The Riddle of the Five-Legged Dog

Most of what’s in this  installment is taken from the blog of a friend of a friend. It begins with her asking how the reader feels about living in a post-truth era. She asks, “Are you convinced there are no such things as fact

This is a relevant discussion nowadays.

She tells us, “My father was no philosopher, but an engineer. A just-the-facts-kind of guy? Well he also had a fanciful side that came out in a long-running serial bedtime story about a family of squirrels, and he inclined enough toward dreams that he encouraged me for years to enter the Kentucky Club Tobacco contest to name a thoroughbred racehorse, and win the horse. That is, he was enough of a story-teller and dreamer that, when I was a child, we shared common loves and interests.”

She continues: “On the other hand he was a lifelong Republican and a proud army reserve officer, with very traditional conservative values, and our relationship grew strained during my adolescence. He was gung-ho for the war in Vietnam and adamantly opposed to th4e E.RA. So if he were still alive, where would he stand today?”

Her father delighted in doggerel and shaggy dog stories and riddles and one of his favorite riddles, sparking many riotous debates with his small daughters, was this puzzler.

Q. If you call a dog’s tail a leg, how many legs does the dog have?

“When we were little, my sisters and I readily feel for the trick question, eagerly shouting “Five!” Then came the implacable, rock-ribbed parental lesson.

A. The dog has four legs. Calling a tail a leg doesn’t make it a leg.

Long after my sister and I had ceased to be gullible enough to off the wrong answer, my father continued to trot out his old, tired riddle.

But here’s the thing. The answer never changes. The answer would not have changed even if my sisters and I had insisted for all those years that the tail was a leg and that the hypothetical dog in question, therefore, had five legs. We could have chanted in a deafening chorus ‘Five legs, five legs.’ It wouldn’t have made a difference.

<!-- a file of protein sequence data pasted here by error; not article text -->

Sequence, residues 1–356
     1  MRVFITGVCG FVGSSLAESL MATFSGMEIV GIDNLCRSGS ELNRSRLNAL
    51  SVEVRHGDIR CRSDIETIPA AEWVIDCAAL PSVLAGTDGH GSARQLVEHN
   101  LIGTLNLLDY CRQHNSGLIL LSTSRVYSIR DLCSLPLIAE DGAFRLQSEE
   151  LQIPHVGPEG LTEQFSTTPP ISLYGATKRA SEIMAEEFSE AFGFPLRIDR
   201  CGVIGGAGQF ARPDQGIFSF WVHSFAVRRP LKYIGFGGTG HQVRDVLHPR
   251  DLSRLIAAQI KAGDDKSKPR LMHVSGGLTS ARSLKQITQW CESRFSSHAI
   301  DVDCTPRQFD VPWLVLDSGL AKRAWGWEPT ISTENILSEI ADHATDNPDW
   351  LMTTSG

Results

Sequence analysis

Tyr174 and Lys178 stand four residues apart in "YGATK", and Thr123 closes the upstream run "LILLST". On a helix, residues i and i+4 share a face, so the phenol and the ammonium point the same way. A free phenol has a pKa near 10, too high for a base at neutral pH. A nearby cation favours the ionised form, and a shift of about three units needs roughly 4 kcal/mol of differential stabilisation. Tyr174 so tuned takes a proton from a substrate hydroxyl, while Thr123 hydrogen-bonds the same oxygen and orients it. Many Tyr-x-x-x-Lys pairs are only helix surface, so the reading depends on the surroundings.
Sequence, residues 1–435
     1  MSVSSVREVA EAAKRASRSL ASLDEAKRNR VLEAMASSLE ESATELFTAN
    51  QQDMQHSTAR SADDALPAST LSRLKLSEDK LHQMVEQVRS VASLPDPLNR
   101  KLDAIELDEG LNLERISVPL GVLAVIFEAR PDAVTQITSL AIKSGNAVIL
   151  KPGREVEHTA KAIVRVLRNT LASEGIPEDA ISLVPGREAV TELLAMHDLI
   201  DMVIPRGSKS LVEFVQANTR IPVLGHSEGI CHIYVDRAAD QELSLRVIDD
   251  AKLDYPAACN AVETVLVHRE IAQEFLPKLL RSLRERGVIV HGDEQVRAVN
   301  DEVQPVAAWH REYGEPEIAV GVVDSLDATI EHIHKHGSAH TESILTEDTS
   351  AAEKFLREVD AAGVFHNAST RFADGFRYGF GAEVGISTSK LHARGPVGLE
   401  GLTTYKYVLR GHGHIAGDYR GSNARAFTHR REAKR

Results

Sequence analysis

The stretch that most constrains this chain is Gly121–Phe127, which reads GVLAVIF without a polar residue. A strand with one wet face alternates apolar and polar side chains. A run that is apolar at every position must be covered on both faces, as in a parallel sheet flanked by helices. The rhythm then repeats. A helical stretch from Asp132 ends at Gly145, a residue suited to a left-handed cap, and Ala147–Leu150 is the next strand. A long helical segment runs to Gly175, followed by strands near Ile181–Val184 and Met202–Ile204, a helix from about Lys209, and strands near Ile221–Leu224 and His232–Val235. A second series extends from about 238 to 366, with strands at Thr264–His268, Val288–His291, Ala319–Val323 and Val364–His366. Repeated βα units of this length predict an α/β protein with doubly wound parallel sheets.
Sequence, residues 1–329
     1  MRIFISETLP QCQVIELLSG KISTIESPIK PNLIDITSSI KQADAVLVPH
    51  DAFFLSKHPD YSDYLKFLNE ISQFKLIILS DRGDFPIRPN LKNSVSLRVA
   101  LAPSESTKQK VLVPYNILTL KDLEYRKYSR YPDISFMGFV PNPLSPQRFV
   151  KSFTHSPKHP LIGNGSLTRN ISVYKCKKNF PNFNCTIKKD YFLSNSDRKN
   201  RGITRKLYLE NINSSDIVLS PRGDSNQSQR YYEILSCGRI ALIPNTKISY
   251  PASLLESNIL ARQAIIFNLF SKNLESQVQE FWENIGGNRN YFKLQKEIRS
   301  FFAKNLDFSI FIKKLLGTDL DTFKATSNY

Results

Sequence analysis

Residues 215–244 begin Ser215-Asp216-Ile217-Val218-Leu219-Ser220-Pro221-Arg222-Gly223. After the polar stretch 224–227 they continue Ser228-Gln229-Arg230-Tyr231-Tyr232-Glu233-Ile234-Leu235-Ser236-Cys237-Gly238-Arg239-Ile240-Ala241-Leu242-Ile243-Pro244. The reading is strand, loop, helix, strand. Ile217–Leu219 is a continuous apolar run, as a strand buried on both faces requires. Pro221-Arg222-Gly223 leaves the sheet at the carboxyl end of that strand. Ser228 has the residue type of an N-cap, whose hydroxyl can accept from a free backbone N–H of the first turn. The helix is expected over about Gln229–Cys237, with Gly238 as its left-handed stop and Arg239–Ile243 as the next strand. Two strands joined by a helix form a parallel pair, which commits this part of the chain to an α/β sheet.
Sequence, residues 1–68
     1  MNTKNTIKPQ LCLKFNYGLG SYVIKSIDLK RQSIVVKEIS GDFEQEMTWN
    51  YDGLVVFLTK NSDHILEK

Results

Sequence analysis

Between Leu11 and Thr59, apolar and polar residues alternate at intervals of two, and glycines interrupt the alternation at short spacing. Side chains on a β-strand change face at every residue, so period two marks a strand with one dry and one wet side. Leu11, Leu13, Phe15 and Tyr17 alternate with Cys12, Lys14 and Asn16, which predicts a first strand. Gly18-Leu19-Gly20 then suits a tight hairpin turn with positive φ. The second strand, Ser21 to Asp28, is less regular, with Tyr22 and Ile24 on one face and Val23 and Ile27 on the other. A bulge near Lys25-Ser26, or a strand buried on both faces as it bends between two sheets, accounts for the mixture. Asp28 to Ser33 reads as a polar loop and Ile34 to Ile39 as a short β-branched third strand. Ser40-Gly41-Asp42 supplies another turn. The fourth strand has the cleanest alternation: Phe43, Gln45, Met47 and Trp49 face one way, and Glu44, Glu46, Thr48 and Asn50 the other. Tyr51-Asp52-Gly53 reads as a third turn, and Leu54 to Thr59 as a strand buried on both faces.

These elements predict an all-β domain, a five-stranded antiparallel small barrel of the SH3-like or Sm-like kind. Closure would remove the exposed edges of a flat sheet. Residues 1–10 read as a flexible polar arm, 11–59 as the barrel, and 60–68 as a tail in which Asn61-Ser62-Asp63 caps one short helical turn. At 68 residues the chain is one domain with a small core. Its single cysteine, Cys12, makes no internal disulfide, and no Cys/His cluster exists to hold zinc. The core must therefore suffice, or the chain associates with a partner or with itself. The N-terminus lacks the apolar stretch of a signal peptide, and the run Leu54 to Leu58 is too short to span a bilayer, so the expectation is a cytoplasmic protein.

Repetition would not have made the wrong answer right then, and it doesn’t make it right today. Calling a tail a leg does not make it a leg. Repeating a lie as the truth does not make it true, no matter how many times you tell the lie, no matter how long and loudly you shout and chant and intoxicate yourself.”

I agree with my friend’s friends’ thoughts, but I also know that whoever issues the first lie and gets it into the mass media is likely to have that lie accepted as truth, (or fact) and not much can be done to undo the damage.  Most of my life news was considered to be facts: Who, what, when, where, why, and how. Now we have false news sites parading fantasies as facts. No big deal? Think again.  Not many days ago some jamokey-dope from North Carolina with a rifle went into a Washington DC pizza joint and touched off a round. He was there to investigate, he told cops. False news reports claimed Hillary Clinton was running a child sex ring out of the pizza place. Sad comment on our times, but we’ve had this stuff around for years – think National Enquirer, think Jerry Springer, etc. Those things were meant to be  laughers and now similar things seem to be at the center of an information shift  — meaning  whatever gets dumped into the fecal mixing bowl of the Internet must be true.  It ain’t so.

Thanks to Laurie Darlin’ for sending this stuff along to me.